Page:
‘God providing’ in Selma and other hard-hit places
By Grace Thornton/The Alabama Baptist
HAYNEVILLE, Ala. (BP) – Davey Lyon spent a lot of time over the weekend flipping burgers. He and around 20 volunteers served food from his church’s pull-behind grill to the people of Selma in the aftermath of a tornado that hit their city Jan. 12.
“It’s pretty bad in Selma. Think of Tuscaloosa, just on a smaller scale,” said Lyon, pastor of Imago Dei Church at the 45 in nearby Lowndes County, referring to the tornado that tore through the middle of Tuscaloosa in 2011. “In Selma, it started on the west end and came all the way through town.”
Huge trees are down, houses are destroyed and power is out for many in the city.
Lyon said looking at the damage, “it’s only by God’s grace that there aren’t hundreds of casualties.”
Making good progress
And the people of Selma know that, he said. His wife, Amber, said as she talked to people in the community, they’re just grateful to be alive and thankful for the people who are coming in to help them put their lives back together.
That includes Alabama Baptist Disaster Relief teams who are working hard to clear neighborhoods and fill job requests. Mark Wakefield, state disaster relief strategist, said volunteers have gotten a lot of traction in their first couple of days and are making good progress.
“Selma is an old town with big trees, and that’s slowing them down a little,” he said. “But they’re getting it done.”
Teams at work across Alabama
Wakefield said Elkdale Baptist Church is a “phenomenal host” for teams as a command center. Teams from Walker, St. Clair, Pickens, Colbert Lauderdale, Shelby and North Jefferson Baptist associations as well as others have been working and will continue to work there this week.
He said teams are also working in the hard-hit areas of Autauga, Elmore, Coosa and Tallapoosa counties.
Lyon and other volunteers have been helping to feed the teams in Selma, along with Alabama Power employees and Selma residents who need a hot meal. He said God recently provided the church with the pull-behind grill and other equipment they’ve been able to use this week.
‘God has just provided’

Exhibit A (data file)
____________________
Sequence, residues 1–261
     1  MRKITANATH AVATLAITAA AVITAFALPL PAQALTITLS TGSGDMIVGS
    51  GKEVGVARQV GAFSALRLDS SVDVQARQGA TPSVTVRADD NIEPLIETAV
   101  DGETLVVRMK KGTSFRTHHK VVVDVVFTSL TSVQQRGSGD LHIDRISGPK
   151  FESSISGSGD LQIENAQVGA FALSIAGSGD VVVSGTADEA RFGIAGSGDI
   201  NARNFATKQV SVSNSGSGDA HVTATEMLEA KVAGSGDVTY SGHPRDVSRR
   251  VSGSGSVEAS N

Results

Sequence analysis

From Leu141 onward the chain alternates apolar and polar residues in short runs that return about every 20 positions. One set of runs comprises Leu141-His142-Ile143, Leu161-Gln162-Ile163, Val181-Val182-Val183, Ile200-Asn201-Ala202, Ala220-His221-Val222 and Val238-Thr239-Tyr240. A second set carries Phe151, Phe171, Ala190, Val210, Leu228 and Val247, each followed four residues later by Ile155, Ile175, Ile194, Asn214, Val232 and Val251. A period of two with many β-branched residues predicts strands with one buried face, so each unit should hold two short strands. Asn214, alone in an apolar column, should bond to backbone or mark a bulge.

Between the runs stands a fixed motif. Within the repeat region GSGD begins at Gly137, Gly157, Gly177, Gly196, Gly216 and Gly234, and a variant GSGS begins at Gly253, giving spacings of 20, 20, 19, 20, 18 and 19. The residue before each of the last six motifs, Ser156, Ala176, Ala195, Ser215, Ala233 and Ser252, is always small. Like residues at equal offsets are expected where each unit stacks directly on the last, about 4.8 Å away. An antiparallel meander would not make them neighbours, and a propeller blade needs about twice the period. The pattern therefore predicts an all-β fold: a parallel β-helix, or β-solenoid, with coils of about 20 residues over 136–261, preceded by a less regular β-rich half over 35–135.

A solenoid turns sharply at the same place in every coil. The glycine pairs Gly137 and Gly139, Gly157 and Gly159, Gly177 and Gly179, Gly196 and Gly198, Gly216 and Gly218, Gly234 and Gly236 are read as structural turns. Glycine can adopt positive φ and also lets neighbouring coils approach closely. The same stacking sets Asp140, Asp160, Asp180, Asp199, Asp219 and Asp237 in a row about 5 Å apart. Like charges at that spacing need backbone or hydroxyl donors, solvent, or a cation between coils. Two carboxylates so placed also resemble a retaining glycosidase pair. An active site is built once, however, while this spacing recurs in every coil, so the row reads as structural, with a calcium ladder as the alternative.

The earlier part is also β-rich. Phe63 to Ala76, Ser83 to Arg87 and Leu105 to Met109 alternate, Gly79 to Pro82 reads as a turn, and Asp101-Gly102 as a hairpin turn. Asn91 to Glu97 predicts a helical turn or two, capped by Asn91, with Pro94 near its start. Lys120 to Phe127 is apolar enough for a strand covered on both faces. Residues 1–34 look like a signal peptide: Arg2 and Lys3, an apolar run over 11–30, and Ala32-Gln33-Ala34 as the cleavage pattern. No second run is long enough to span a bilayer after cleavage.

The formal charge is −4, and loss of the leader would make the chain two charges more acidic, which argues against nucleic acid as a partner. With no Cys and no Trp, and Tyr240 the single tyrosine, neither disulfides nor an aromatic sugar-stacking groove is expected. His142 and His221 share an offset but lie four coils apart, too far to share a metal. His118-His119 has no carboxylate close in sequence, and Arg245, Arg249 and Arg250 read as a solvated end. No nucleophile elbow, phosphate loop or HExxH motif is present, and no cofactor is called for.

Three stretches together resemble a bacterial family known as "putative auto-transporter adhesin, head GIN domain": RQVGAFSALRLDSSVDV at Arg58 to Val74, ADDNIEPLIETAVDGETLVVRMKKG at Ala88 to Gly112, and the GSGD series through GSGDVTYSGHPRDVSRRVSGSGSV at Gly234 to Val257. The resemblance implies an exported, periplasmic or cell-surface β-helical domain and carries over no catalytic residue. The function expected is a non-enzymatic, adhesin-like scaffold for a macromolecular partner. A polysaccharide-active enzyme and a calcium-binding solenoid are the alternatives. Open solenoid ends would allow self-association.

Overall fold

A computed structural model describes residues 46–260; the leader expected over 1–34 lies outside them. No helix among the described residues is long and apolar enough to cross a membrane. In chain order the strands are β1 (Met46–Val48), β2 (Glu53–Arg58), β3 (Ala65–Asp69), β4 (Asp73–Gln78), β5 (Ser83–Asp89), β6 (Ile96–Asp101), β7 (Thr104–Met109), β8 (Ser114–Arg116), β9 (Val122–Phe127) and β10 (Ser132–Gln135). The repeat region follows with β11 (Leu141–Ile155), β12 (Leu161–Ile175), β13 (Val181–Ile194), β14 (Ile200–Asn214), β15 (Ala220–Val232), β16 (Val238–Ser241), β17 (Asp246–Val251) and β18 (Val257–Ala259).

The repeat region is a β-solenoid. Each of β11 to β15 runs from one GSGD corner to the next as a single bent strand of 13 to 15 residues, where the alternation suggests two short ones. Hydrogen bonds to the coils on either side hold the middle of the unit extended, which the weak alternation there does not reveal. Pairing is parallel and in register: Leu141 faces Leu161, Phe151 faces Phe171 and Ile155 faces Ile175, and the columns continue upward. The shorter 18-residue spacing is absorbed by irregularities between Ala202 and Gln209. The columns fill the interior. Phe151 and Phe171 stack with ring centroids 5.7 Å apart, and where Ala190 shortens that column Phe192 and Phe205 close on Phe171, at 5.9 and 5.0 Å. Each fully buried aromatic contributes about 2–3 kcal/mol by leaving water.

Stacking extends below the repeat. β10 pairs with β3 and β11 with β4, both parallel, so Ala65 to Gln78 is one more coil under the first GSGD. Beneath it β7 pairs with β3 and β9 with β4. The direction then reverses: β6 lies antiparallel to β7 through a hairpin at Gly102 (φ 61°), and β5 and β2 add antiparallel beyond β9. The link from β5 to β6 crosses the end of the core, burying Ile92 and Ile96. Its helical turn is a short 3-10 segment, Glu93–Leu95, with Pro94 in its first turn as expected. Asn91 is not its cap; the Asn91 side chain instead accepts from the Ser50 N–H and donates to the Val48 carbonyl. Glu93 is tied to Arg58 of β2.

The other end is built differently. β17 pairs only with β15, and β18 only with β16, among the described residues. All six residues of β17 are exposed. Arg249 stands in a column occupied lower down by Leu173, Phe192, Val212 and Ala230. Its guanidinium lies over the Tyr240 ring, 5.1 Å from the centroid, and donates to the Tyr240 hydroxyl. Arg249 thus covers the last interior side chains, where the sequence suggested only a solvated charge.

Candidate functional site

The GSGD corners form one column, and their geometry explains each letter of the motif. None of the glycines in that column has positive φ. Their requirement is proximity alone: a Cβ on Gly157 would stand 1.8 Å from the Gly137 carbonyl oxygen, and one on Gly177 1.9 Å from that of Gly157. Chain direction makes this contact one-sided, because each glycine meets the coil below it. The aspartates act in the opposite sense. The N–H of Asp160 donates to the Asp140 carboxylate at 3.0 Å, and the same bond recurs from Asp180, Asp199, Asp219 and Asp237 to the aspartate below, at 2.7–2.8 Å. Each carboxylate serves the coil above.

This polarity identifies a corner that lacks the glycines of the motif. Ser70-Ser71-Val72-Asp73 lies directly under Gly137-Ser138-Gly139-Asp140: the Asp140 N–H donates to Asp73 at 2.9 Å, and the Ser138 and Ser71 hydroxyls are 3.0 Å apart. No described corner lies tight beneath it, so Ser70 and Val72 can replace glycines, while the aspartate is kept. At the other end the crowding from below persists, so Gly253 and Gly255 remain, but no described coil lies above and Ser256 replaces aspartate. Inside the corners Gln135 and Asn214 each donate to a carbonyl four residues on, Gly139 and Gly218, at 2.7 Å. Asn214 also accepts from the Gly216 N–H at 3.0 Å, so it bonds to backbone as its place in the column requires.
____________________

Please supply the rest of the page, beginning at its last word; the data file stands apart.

And he’s seen God meet their needs too as they’ve grilled. The night the tornado hit, he bought $700 worth of food, and he had one person bring him $200 and another person $500 without him asking or disclosing the total amount to either of them.
“We made 180 boxes and got those out that first day (Jan. 13),” Lyon said.
After giving out that food, he went back to Sam’s to buy food for the next day and doubled the amount — around $1,300 of food.
“Then I got a text from a guy we were able to give some food to that day, and he said his company wanted to cover it,” Lyon said. “God has just provided.”
He said they were able to prepare 400 meal boxes Saturday (Jan. 14), and about $8,000 worth of donations have come in since then from people who have seen the posts on social media and want to help.
Boones Chapel in it for the long haul
By Grace Thornton/The Alabama Baptist
PRATVILLE, Ala. (BP) – Matt Hall said he doesn’t know how long his church is going to keep going with tornado relief ministry, but best he can tell, it will be part of their lives for a long time in one form or another.
“We want to be the church that, yes, meets immediate needs, but I also want to be the church who months down the road is still ministering to these people as much as when the storm happened,” said Hall, pastor of Boones Chapel Baptist Church in Prattville.
‘Hands and feet’
“I’ve gotten to meet or speak to a family member of everyone who lost their lives and pray with them,” Hall said. “I’m so humbled to get to be the hands and feet of Jesus on the ground and meet these guys where they are.”